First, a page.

Editor's Note: Rubber & Plastics News will celebrate its 50th Anniversary with a special issue Aug. 9. Leading up to that, we will be publishing columns online by current and former staff members reflecting on their time with the publication.
I was always ready for the chuckle. And I can tell you, even back then, I didn't find it funny.
You see, I used to meet frequently with a former co-worker, whom I still think very highly of. She was, let's say, a seasoned newspaper journalist, writing about every serious topic you might imagine: Elections, corruption, crime, courts, community events.
She was a voice I respected. Except when I didn't.
Anytime we'd meet, inevitably, the term "rubber" would come up in conversation, as I described my new job.
She would look at me mischievously, smile, then chuckle at the term, equating it, with, well, you know what.
We have since stopped meeting periodically. And I suspect that's a big part of why, at least from my perspective.
It became very clear to me very early in my nearly four-year tenure with Rubber & Plastics News that the rubber industry isn't anything to chuckle about. Quite the contrary.
It's an industry filled with the best and brightest minds the world has to offer. It is a group of scientists and engineers and chemists and executives and salespeople and plant managers and quality control workers who take their jobs—as well as their role in making people's lives better with the products they make—seriously.
It's not that I didn't have an appreciation for the industry before I joined a publication devoted to it. But in all honesty, I knew as much about the rubber industry when I was hired as a designer at RPN as I knew about the tire industry when I joined Tire Business, in January 2017.
Where I came from—I spent the first 20 years of my career as a sports writer and sports editor at a newspaper in Canton, Ohio—the only rubber I wrote about was when the Cleveland Indians won the rubber match of a three-game series. (Back then, they did that often.)
What the heck is an elastomer? Or a thermoplastic elastomer? Or a fluoroelastomer?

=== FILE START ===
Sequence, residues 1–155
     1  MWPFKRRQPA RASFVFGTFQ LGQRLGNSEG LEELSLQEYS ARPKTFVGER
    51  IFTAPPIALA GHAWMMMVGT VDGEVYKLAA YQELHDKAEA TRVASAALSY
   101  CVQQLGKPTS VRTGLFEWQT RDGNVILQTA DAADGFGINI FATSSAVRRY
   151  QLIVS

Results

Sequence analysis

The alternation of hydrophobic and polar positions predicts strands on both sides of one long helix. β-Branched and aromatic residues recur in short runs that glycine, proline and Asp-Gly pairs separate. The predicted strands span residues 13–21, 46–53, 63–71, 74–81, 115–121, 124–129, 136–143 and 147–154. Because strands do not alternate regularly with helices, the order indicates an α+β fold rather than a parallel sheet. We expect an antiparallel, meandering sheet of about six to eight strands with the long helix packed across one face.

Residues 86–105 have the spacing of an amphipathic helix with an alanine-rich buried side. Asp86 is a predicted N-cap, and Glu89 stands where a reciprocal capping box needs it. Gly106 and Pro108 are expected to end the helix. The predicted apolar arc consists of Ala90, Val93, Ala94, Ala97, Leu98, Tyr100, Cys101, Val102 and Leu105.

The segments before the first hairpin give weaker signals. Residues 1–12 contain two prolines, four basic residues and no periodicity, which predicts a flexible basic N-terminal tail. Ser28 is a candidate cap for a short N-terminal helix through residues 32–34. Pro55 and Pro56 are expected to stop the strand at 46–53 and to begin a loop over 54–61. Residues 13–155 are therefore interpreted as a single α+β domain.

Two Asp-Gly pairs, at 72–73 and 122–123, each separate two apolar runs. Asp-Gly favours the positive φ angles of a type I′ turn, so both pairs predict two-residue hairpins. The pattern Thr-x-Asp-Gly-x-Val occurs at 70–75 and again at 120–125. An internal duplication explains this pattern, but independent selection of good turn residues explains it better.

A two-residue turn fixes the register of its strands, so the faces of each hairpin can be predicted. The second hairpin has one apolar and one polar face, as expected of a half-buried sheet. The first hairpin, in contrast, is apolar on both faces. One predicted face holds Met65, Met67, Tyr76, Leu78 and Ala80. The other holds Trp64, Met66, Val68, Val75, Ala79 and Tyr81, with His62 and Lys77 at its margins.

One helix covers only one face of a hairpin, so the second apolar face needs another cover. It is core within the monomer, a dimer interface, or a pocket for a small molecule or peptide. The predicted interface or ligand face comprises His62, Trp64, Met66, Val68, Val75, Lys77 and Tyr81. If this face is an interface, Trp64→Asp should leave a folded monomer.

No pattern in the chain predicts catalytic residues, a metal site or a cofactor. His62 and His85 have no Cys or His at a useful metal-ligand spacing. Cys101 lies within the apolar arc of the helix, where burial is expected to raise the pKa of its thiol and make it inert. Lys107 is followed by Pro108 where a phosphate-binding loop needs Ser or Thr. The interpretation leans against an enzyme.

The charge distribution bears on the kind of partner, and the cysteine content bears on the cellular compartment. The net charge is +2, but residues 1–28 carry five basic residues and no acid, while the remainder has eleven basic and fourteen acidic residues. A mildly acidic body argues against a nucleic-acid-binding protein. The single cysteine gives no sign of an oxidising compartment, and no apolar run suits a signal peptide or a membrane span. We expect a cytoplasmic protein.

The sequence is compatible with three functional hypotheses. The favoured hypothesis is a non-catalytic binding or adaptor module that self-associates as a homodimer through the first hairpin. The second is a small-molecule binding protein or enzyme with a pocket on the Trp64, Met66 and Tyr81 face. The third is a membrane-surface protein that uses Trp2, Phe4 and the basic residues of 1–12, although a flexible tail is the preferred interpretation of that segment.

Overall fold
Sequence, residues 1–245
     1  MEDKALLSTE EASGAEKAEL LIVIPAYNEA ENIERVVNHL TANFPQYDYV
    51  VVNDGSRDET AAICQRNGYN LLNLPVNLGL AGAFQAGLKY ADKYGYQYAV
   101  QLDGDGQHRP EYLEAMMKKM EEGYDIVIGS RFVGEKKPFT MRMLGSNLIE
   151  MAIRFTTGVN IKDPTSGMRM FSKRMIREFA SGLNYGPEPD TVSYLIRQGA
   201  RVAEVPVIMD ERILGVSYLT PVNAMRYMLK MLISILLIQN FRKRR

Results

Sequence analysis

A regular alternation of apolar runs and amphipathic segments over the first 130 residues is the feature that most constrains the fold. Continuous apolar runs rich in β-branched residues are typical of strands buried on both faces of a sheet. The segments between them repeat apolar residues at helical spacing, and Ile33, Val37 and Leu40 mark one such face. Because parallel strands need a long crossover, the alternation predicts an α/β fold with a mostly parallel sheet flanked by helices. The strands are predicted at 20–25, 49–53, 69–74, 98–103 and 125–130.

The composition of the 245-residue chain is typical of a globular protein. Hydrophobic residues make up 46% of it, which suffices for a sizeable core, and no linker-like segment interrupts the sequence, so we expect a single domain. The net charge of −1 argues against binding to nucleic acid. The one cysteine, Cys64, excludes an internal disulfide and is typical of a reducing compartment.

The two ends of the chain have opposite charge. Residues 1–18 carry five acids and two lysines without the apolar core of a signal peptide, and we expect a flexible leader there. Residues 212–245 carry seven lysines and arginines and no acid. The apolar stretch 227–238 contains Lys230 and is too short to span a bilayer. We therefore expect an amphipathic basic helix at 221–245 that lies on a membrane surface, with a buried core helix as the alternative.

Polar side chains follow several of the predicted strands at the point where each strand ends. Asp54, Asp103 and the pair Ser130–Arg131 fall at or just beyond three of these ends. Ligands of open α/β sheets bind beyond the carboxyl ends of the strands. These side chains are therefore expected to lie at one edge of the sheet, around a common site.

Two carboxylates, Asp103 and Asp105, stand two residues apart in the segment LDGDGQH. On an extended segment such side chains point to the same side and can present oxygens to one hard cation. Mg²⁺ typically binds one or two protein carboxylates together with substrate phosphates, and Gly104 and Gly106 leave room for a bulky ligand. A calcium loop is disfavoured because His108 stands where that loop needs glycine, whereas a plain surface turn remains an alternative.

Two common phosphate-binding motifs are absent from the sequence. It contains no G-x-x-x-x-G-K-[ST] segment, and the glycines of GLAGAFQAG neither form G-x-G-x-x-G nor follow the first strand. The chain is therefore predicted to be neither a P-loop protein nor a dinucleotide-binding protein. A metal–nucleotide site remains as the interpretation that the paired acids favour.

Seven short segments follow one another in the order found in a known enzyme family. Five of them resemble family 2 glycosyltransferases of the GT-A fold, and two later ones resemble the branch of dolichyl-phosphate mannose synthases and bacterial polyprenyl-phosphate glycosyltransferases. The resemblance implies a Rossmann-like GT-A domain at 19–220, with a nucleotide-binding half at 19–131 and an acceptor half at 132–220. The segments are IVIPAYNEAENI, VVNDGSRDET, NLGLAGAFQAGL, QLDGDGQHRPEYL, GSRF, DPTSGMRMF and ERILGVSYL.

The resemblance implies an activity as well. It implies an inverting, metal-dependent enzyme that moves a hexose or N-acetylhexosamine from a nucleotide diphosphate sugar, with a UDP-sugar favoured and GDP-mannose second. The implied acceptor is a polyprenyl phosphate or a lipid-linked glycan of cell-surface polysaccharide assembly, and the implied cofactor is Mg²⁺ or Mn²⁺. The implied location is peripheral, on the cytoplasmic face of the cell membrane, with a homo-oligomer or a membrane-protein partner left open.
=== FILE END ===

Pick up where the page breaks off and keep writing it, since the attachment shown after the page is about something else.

How did latex fit in? Why is carbon black so important? What is the difference between silica, silicone and silicon?
I remain grateful to Editor Ed Noga, Managing Editor Bruce Meyer and Publisher Dave Zielasko for taking a chance on me.
I remember one day my excitement about a story our esteemed senior writer, Miles Moore, had written on guayule. Noga quickly brought me back down to earth recounting the history of guayule and the Russian dandelion and how companies have experimented with it for years.
That experiment continues.
As the prime editor of Technical Notebook, the papers that scientists submit to RPN for publication, I learned fast about the industry. In a few months, I could speak alphabet soup with the best of them: TPE, LSR, FKM, ASTM.
I had the honor of talking periodically with the great Ralph Graff, particularly in 2016 when I presented Frank Bates with the Ralph S. Graff Foundation's Chemistry of Thermoplastics Elastomers Award at the Rubber Division's spring technical meeting in San Antonio. In his 90s then, Ralph was a font of industry knowledge.
And that is what I remember most about the rubber industry: The people that I came to meet. I have had the pleasure of covering thousands of athletes over my decades-long career, but I honestly can say some of the folks in the rubber industry are among the best, period.
Of special note are the outstanding people from the ACS Rubber Division: Ed Miller, Gretchen Cermak, Lakisha Miller Barclay and Linda McClure.
I was fortunate to get to know some of those who volunteered their time and energy to the group, including Larry Strauss, Leonard Thomas, Bill Stahl and Leo Goss.
I will never forget the great conversation I had with Terry DeLapa, the first female to chair the Rubber Division. Her grace, dignity and knowledge epitomizes what the Rubber Division represents.
And I must also mention Mike Morrow, my good friend from Michigan whom I still share breakfasts—Mike, it's my turn to buy next—and fishing tales. That his alma mater, Michigan State University, honored him the same year it honored basketball Hall of Famer Magic Johnson is all you need to know about Mike. Class with a capital C.
So as I reflect on my short time in the rubber industry, I find myself chuckling now.
Not about the sophomore connotation that the term "rubber" sometimes elicits, but instead the pride I have in not only from learning a small fraction about the industry, but also coming to appreciate all the people involved in it.
Don Detore worked as a copy editor and managing editor of Rubber & Plastics News from 2013 until the end of 2016. Since the start of 2017 he has been editor of sister publications Tire Business.